Monday, December 19, 2011

Coates on Greenwald on Hitchens: The Cohabitation of Virtues and Sins

After this long linkfest, I had not intended to return to the topic of the late Christopher Hitchens. But I am drawn to do so by the fact I still have grading to procrastinate on Ta-Nehisi Coates, who continues his irritating habit of being a better and wiser writer than anyone has a right to be, and showing the rest of us up. In response to Glenn Greenwald's thoughtful (negative) posting about Hitchens and the reaction to his death, Coates first noted (via) that "over the last decade, Hitchens sins actually injured his prose" -- an incredibly important point all by itself. But then he goes on to say this:
Nevertheless, I think Glenn's frame is wrong. Virtues don't excuse sins; they cohabit with them. Thomas Jefferson was a slaveholder. Perhaps worse he was a slaveholder who comprehended, more than any other, the moral failing of slavery, and it's potential to bring the country to war, and yet at the end of his life he argued for slavery's expansion, and on his death many of his slaves were sent to the auction block.

At his end, Jefferson sided with those who would eventually bring about the deaths of 600,000 Americans. He argued that the antebellum South would have either "justice" versus "self-preservation." To paraphrase Churchill, it chose the latter and consequently got neither. But Jefferson was a beautiful writer, and a great intellect, whose thinking and prose I consistently find stunning. This admiration does not negate his moral cowardice. Both are true at the same time. (The same point could be made in regards to our conversation over Elizabeth Cady Stanton.)

Given Hitchens own ties to this magazine, of which I'm very fond, I'd like to say that--at least in this space--there's no demand for exclusion, or any sense that Hitchens worthy of unalloyed admiration. No one should ever receive, or wisely desire, such a thing. I can't really speak for other people, but I don't believe in an essential, irreducible moral nature. I don't see Hitchens, or anyone else, as a case of either/or.
Word. Yes. "Both are true at the same time": "Virtues don't excuse sins; they cohabit with them". That captures it -- not just for Hitchens, but for the human experience.

Coates says more in comments:
I don't know that his "virtues outweigh his vices." That presumes a kind of grand authority that I neither want, nor feel qualified, to exercise. It's just not a case I would ever make. Nor am I really interested in making the case, it's sort of irrelevant to me. It seems to originate from the need to either declare someone a "good person" or a "bad person." I think it's clear from my writing on slavery and race that I don't really see the world that way.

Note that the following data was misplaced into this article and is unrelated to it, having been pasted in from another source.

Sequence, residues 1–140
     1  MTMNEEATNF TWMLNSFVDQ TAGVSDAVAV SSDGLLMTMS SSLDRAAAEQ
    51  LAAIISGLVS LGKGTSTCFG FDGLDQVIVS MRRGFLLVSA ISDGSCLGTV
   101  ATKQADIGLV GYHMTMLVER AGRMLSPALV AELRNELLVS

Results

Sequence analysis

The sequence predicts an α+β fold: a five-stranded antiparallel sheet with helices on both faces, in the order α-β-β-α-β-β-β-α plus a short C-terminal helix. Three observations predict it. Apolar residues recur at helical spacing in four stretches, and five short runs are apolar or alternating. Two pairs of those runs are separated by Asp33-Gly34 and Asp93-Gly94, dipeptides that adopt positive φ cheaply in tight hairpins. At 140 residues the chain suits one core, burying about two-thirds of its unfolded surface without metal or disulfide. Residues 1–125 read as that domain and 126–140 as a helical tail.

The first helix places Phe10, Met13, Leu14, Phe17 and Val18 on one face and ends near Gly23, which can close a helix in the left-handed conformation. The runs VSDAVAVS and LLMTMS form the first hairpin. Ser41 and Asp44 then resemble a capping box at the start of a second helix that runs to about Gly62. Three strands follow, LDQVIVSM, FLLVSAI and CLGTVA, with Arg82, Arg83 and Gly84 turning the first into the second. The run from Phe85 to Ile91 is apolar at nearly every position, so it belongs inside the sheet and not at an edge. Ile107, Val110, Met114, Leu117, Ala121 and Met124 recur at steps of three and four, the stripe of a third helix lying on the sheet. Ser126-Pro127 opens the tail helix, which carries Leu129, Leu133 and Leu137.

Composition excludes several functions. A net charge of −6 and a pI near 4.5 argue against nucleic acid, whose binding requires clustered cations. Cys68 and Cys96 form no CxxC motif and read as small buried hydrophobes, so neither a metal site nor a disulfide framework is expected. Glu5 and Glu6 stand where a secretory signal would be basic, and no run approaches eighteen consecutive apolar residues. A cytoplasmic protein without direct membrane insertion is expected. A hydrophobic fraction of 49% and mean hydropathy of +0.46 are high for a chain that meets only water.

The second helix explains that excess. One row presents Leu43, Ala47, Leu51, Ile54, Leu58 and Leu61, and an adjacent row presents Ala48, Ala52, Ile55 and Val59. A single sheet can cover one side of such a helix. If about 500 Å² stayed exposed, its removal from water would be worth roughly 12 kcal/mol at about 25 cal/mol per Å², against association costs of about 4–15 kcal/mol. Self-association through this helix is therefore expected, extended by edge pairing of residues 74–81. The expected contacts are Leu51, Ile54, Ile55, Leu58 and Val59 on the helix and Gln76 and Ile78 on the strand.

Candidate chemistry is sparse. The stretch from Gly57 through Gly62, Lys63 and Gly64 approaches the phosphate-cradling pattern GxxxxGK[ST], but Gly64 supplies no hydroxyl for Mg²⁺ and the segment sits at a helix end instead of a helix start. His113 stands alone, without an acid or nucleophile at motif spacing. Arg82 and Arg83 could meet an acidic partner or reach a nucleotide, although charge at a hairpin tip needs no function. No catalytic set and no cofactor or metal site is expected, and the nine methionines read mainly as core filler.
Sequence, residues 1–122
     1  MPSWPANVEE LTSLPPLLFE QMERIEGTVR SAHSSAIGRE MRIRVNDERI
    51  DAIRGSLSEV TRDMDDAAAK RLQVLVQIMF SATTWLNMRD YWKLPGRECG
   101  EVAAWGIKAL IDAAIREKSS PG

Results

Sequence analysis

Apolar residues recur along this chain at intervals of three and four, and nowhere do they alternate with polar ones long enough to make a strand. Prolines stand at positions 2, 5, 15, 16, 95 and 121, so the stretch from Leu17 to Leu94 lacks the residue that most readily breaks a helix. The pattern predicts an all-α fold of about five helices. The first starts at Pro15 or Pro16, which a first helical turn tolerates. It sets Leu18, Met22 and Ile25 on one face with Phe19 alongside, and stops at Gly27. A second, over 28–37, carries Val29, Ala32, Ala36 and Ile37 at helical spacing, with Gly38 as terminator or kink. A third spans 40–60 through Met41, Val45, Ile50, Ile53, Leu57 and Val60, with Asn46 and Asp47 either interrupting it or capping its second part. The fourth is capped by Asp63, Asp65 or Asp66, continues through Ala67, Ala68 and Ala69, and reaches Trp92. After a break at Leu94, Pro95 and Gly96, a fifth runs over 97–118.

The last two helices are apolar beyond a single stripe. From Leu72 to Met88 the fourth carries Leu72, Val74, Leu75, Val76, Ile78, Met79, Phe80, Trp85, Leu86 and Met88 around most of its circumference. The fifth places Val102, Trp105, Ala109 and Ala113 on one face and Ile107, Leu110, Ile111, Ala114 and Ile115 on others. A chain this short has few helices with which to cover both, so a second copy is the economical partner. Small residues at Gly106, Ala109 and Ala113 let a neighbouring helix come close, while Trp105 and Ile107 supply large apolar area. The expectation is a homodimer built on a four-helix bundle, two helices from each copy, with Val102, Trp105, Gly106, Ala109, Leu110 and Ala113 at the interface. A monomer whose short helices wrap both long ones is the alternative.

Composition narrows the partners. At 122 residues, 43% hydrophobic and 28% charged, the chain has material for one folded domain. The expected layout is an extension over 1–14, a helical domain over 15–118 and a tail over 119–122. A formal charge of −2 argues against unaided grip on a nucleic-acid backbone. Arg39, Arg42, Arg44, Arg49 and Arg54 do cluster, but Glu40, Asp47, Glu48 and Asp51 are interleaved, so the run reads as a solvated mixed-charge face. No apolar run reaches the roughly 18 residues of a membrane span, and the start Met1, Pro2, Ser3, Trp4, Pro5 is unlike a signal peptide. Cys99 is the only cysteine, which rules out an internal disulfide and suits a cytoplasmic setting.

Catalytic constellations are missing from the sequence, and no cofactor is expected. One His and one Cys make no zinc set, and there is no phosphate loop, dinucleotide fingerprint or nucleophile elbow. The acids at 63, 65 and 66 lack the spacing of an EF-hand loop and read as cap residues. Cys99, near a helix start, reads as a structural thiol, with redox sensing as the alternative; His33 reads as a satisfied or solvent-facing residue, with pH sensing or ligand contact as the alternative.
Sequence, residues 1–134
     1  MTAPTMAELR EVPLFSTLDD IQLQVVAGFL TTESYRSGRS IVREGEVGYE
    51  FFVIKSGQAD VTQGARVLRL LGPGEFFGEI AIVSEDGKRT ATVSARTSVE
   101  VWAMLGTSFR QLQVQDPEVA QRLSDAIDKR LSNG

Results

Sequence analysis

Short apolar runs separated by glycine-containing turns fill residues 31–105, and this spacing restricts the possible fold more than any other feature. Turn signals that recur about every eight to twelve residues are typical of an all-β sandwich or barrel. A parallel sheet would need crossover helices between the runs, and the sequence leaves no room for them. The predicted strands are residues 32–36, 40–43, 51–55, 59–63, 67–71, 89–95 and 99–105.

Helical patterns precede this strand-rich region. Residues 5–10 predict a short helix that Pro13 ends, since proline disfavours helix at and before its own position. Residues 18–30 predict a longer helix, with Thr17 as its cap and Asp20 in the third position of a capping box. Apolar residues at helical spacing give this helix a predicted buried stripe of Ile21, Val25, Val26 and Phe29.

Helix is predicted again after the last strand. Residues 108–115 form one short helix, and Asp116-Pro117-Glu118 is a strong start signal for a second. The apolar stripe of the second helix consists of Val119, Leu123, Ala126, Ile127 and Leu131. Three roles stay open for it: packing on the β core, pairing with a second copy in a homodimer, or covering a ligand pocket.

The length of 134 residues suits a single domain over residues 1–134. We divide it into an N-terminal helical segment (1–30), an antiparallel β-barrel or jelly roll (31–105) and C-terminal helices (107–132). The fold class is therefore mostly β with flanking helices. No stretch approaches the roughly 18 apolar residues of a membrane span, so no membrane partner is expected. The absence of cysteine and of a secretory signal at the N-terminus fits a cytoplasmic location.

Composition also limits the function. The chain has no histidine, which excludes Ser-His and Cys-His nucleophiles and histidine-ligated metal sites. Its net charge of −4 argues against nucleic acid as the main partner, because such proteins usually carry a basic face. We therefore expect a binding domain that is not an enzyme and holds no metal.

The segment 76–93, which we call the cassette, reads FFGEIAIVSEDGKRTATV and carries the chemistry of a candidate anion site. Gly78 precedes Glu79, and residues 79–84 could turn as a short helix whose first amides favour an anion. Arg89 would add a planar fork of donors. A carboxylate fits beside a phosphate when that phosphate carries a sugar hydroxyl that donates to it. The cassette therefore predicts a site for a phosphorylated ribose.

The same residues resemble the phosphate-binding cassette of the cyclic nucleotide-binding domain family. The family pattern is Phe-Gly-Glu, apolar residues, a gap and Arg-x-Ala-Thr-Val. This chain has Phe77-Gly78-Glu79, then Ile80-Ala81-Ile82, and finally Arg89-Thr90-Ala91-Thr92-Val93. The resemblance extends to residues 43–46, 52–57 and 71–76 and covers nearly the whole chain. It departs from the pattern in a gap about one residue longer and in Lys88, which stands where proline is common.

...If I disqualified people for the horrendous ideas they held or advanced, my personal canon would be sliced in half. I don't think those horrendous ideas should be shooed away. But they aren't a counter to whatever better ideas the person espoused. You can be a horrendous bigot, and a great father. You can be a raving misogynist and a great novelist. Neither cancels the other out--though I understand people often write as though it should.
(Still more here.) "Neither cancels the other": the simple, basic truth about human beings, human merits and vices, human reality that seems so hard for people to grasp. (Including some of Coates's commentators, a fair number of whom seem, uncharacteristically for his comments section, to miss the point.)

It seems that one fair criticism you could make of Hitchens is that he himself did not recognize this truth at all: that he tended to support or condemn people whole, without the least nuance, without any understanding that virtue and sin can and do cohabit. In that sense (as well as in others) I think that Coates is a wiser writer than the man he credits with inspiring him so.

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